The marketplace was another scene that fascinated me while I traveled in Asia. Like the farm, the market represents a “down to earth” experience that I find missing in my daily American life. It reminds us of the simplicity of life within small communities before modern transportation, refrigeration, packaging and supermarket shopping changed lifestyles around the world.
While traveling in China, Thailand and Vietnam I found beauty in the natives bringing their food and artifacts to market. This post begins a new theme, MARKETPLACE, for my blog. And I begin with my favorite image — an old woman in Shanghai, sitting with her large cart of fresh vegetables. I share this image with you in both color and black and white. I think the monochrome image helps to make the scene timeless. Was this 2008 or 1958?
And rendered in monochrome with Silver Efex Pro:
I hope you noticed the bikes in the background. This is a foreshadowing of a future theme in my photography. I will be sharing with photographs that feature bicycles and mopeds in the future.
It’s pretty natural to talk about pearl shopping in China, after talking about silk shopping in China. The umbrella topic of shopping in China is one of my favorite topics. As my husband discovered long ago, I love to shop overseas and China is one of the last great places on Earth where the American with U.S. dollars can find outstanding value. Europe has become oh, so expensive.
Prices aside, the selection of both pearls and silk in China (and Vietnam and Thailand) is extraordinary. My daughter advised me to come to China with a list, so I knew who was on my gift list and what types of clothing my wardrobe could use most. A visit to a pearl peddler, a silk shop or a tailor can be mind boggling, as the choices will blow you away.
My Canadian friend Louise was pretty excited about pearl and silk shopping, too. Louise’s friend brought us to this tiny but wonderful shop near the Bund in Shanghai to buy some pearls for ourselves and our families and friends. Yes, they were affordable, and the ladies would even create a new necklace or pendant for us on the spot, if we dreamed up a design that was not already assembled. October 26, 2008 was a very fun day!
If you couldn’t find something you liked here, there would definitely be something wrong with you!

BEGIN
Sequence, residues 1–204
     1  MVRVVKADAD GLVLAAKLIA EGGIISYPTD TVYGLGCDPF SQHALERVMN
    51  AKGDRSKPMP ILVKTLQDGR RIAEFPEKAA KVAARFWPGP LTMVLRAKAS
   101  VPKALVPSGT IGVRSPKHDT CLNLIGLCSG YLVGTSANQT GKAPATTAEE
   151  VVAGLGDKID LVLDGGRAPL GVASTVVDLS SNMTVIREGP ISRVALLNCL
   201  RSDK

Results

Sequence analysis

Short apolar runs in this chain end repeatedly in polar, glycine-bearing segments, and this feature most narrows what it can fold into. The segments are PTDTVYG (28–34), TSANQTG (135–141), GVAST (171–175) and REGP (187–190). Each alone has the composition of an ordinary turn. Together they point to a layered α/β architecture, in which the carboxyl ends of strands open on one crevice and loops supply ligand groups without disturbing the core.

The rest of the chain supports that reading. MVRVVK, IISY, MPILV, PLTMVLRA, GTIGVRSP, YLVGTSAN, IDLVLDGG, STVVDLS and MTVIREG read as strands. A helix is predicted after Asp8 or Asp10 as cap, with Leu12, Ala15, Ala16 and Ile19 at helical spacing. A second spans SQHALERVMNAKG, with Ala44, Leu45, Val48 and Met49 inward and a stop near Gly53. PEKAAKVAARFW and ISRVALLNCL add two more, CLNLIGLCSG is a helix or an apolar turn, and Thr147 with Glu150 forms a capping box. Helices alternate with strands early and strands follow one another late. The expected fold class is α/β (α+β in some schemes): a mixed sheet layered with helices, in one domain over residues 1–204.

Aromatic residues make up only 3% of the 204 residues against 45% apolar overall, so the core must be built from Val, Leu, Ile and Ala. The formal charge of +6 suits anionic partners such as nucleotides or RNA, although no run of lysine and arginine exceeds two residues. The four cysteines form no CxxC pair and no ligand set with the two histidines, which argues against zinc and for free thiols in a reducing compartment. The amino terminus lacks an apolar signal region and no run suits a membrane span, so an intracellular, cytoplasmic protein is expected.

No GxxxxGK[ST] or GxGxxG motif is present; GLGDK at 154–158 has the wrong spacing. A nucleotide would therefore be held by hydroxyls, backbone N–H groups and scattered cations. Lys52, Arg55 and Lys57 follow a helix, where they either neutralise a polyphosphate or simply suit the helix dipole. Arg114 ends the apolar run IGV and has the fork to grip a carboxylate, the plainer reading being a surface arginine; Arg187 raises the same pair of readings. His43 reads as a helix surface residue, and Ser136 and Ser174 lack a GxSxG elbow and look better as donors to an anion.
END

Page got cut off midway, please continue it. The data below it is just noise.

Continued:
When I was returning to the U.S. by air and passing through U.S. Customs, the agent was suspicious that I was bringing back merchandise to sell. No, I explained, there are lots of girls in my family, and all these are gifts.
I like to personalize my posts and travel stories. Here I asked my daughter to pose with the pearls we had laid out on the counter to purchase. Louise and I were taking a long time to make all these decisions. I hope someday I can go back…
I was telling a friend about Louise and I venturing off to Longjing China to hike the tea plantations in a taxi, where we had an impermeable language barrier with the driver. She laughed and shook her head, and said, “I would probably go shopping or something!” I admitted that Louise and I did go shopping the following day ;). Hangzhou is also known for its silk market — a few miles of outdoor stalls selling countless variety of scarves, ties, pajamas…mostly scarves. Well, I can go just as crazy shopping for silk scarves as I can shopping for pearls in China. I came home from this trip with enough pearls and scarves to open a small shop. I had to assure the customs agent that I did not in fact plan to restock my retail shop! Oh yes, I have a few stories about passing through customs.
Anyway, I thought we shouldn’t leave Hangzhou without sharing our fantastic day of scarf shopping. Louise and I decided on this day that we were perfectly matched travelers, and that our husbands would not have gone along with a full day of shopping before it was time to catch the train back to Shanghai. This photo sets the scene.
I found many beautiful scarves that became wonderful gifts to family and friends when I returned home. They are so easy to pack: taking little room in the suitcase and of course non-breakable. As a gift, a beautiful scarf always gets “oohs and aahs,” and they are much easier to select for others than jewelry. Gee, talking about it makes we want to go back! Louise was also looking for a yellow and black scarf at a good price point to give to members of the cross country running team when she returned (Quaker Valley colors). In this photo, you can see that she finally found it — after hours of searching 😉
While shopping, I still kept my eye out for interesting scenes on the street. I am always attracted to the marketplace in my travels. In China, the marketplace is everywhere, thanks to street vendors. This one was selling fruit — pomelos perhaps?